On the Road to Privacy Invasion: Unmasking the Reality of Auto Surveillance

With the rise of computerized components in vehicles, a new era of auto surveillance, facilitated by one's own car, is on the horizon. The affordability of mobile communications makes it possible to send a vast amount of data from a vehicle's sensors back to manufacturers in real-time.

Image generated with Penguin AI.

In 2019, it was estimated by the Washington Post that vehicles transmit about 25 Gbytes of data per hour, and it's safe to assume that this figure has increased since then.

However, a large amount of data is collected but not sent anywhere, instead being stored in the car itself. This data is used for historical analysis during vehicle servicing and repairs. This practice, though practical, presents a privacy concern since many car owners are unaware of the depth of personal data their vehicle stores, and therefore don't know to remove it when they sell their car.

What Does Auto Surveillance Entail?

Given the invasive nature of auto data collection, Privacy4Cars has created free Android and iOS apps to help users erase the comprehensive information logged by vehicle entertainment systems. This could include dialed phone numbers, call logs, location history, and garage door codes. Privacy4Cars recently introduced a new tool that provides a Vehicle Privacy Report for individual cars:

Each Vehicle Privacy Report comprises two important components: a Vehicle Privacy Label, which features ten standard, clickable icons that summarize a manufacturer's data collection, sharing, and selling practices according to their public documents, and a Vehicle Privacy History, which documents the actions companies have taken to protect their customers' privacy.

This report provides a straightforward method to understand exactly what data cars are collecting about their drivers. Matt Burgess from Wired magazine used this tool to analyze some of the top U.S. models and revealed fascinating insights about the extent of auto surveillance. Manufacturers collect standard but personal information such as names, addresses, Social Security numbers, and driving license details. Smart cars also amass and store technical data from in-car sensors.

For instance, Burgess discovered that Toyota's Tacoma, Camry, RAV4, and Highlander models collect detailed information about driver behavior, such as acceleration, speed, steering, braking function, and travel direction. They can also log in-vehicle preferences, such as saved favorite locations, and even images from external cameras or sensors.

Honda's CR-V and Civic models also collect detailed driver behavior data, including pedal position, engine speed, and steering angle. They keep records of internet and mobile communications like search content, call history, and voice commands. The Vehicle Privacy Report revealed that the popular Ford F150 truck:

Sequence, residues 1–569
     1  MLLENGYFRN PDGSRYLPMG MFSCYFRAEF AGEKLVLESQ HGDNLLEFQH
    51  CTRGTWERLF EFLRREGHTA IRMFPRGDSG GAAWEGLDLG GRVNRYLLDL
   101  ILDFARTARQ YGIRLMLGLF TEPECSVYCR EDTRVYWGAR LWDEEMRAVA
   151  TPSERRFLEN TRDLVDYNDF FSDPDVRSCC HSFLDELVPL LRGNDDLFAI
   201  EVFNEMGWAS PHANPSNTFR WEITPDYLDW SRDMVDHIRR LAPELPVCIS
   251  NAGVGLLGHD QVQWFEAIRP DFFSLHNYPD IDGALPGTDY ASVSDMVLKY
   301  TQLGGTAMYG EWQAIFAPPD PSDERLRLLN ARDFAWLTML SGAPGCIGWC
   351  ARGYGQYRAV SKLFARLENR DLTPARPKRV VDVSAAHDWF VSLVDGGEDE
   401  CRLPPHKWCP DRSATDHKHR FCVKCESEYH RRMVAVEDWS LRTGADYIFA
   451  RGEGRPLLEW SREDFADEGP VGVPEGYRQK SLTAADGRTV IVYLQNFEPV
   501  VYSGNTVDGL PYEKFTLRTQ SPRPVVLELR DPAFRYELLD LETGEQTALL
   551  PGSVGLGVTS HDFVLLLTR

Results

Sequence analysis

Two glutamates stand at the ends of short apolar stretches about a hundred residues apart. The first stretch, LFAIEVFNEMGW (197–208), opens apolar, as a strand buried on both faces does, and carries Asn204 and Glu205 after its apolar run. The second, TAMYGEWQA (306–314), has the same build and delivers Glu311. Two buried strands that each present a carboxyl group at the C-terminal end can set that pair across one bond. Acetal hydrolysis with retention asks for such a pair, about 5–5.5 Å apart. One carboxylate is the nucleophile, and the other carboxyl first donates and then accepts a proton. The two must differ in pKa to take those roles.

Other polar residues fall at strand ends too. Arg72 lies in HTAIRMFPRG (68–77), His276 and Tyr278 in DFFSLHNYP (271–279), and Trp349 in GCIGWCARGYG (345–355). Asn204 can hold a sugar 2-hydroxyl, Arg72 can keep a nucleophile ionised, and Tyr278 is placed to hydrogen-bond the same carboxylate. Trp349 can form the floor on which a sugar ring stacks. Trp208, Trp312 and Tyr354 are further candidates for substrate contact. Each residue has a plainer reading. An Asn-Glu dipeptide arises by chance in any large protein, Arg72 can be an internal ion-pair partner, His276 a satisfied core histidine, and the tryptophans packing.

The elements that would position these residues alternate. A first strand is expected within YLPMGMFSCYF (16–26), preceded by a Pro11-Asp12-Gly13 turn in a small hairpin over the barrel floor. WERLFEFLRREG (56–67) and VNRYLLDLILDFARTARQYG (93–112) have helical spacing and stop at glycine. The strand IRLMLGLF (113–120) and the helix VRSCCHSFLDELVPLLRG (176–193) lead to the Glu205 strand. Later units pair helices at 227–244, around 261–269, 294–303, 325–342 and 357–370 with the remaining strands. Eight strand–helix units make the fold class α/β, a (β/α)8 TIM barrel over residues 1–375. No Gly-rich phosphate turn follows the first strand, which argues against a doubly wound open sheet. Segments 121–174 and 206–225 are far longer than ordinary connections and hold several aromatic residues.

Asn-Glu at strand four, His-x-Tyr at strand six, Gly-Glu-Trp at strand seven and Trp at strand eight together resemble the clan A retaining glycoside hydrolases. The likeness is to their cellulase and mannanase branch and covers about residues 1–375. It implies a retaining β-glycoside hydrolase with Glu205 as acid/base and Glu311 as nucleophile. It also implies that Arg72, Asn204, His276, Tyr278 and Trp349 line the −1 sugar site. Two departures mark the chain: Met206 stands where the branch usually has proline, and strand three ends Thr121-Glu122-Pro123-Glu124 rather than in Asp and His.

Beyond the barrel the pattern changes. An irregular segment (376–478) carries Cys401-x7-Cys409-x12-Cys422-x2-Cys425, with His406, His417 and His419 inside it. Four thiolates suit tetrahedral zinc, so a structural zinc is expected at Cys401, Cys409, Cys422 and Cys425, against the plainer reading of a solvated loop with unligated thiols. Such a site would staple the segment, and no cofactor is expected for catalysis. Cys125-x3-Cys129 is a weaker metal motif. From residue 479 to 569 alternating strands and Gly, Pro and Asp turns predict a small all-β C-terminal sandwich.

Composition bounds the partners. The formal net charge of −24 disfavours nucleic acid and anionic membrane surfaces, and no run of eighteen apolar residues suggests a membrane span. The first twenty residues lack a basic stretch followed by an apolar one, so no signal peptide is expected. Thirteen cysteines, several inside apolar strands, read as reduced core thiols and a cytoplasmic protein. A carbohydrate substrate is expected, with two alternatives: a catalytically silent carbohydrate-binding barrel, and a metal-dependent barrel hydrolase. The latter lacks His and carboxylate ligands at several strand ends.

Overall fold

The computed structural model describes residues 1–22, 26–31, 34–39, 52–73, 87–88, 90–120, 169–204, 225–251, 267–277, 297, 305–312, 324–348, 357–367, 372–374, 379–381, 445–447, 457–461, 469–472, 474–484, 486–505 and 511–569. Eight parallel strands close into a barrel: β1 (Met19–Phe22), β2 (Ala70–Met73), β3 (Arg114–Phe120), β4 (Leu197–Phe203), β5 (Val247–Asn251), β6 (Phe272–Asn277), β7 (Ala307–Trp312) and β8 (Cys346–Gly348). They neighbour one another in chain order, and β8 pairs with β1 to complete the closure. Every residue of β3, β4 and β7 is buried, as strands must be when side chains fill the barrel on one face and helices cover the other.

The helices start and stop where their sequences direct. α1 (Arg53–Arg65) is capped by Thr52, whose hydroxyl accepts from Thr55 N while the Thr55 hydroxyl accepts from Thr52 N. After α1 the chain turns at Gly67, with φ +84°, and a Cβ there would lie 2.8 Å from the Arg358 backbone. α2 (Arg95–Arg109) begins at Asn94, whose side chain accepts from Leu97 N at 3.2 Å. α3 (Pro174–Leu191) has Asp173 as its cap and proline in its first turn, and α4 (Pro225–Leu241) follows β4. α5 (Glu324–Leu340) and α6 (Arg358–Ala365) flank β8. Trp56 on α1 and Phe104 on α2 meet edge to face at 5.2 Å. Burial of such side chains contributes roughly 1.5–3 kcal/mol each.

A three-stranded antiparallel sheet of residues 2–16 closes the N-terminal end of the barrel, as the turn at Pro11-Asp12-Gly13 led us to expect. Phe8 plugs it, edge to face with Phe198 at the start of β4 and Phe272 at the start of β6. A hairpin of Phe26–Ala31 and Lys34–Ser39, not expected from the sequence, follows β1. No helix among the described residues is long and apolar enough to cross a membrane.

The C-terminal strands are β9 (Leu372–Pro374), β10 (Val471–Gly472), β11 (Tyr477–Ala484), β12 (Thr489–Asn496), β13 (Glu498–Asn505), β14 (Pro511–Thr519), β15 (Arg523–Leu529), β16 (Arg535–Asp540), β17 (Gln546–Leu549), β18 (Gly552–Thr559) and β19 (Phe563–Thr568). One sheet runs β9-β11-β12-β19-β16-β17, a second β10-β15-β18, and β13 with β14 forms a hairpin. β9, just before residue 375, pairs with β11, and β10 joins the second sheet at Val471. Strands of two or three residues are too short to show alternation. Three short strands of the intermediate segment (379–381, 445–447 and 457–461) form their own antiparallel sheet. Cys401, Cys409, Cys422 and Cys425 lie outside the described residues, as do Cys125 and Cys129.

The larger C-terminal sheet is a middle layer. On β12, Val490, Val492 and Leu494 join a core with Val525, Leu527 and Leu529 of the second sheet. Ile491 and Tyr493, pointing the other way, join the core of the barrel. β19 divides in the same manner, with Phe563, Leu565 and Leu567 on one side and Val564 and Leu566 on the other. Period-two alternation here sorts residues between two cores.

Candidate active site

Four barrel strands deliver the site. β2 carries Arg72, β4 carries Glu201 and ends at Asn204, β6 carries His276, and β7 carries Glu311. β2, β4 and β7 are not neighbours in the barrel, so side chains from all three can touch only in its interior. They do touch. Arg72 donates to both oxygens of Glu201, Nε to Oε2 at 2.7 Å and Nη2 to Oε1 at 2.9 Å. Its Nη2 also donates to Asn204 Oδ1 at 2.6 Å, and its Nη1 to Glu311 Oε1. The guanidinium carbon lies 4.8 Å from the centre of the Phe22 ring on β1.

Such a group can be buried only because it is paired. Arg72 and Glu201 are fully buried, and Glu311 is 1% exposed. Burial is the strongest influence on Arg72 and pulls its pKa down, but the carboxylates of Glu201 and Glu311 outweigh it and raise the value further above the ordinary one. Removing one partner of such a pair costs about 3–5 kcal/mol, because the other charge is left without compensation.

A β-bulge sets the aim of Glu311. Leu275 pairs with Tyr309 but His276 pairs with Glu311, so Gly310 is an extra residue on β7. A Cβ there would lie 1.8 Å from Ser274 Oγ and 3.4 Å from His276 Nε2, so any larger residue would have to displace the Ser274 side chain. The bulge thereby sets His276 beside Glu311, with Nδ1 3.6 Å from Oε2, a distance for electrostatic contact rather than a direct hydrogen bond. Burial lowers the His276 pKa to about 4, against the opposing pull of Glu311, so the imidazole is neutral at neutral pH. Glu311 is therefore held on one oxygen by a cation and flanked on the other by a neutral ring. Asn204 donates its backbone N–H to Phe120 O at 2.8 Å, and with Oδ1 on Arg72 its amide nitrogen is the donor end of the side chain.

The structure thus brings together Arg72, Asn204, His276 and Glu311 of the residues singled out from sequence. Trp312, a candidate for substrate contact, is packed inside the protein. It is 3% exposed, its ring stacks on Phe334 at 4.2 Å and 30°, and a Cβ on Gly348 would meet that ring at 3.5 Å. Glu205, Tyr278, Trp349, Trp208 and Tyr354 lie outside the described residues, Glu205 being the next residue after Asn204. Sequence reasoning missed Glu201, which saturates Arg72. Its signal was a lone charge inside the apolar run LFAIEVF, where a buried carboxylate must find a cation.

Records driving data and characteristics like speed, pedal usage, seat-belt data, travel direction, precise location, speed, and local weather. Its voice recognition systems can collect data when activated. Additionally, its "media analytics" function captures information about in-car audio preferences, including radio presets, volume, channels, media sources, title, artist, and genre.

Auto Surveillance: A Lucrative Invasion of Privacy

While media analytics may seem innocent, it can provide valuable insights into a person's interests. The additional data collected from vehicle sensors essentially equates to continuous, real-time surveillance of your travel history.

The Chevrolet Silverado gathers various vehicle data, including battery, ignition, gear status, diagnostic information, and even "window data" indicating when and how windows are used. While it's unclear why this would be necessary, it demonstrates the granular detail of information collected by car sensors. Additional data includes location, route history, speed, and instances of "braking and swerving/cornering." This last detail could be valuable to insurance companies assessing driving competency.

The final models discussed in the Wired article are the Jeep Grand Cherokee and the Ram Pickup, two widely-used vehicles in the U.S:

The manufacturer collects driving data such as usage dates and times, speed, acceleration, braking data, trip details (including location, weather, route taken), and cruise control data. Like other manufacturers, it also collects data about the car's status, including "refueling activity," battery levels, images from cameras, error codes that are generated, and even facial and fingerprint data if services that require these kinds of data, such as digital keys, are used, according to the documents.

It's noteworthy to see how much vehicle surveillance has advanced in the past five years since it was first suggested that this could become an issue. It's not far-fetched to expect an increase in the detail and volume of information collected from an expanding range of sensors, all of which will be transmitted via 4G and 5G mobile internet connections. Most of this happens without the car owners realizing they're being monitored every second they drive.

Legislation is the only plausible measure that could put the brakes on this trend. In the EU, the General Data Protection Regulation (GDPR) already provides considerable protection against the misuse of personal data. However, it remains uncertain whether the U.S. will implement a similar measure at the federal level to protect people's privacy when they're on the road.

Post a Comment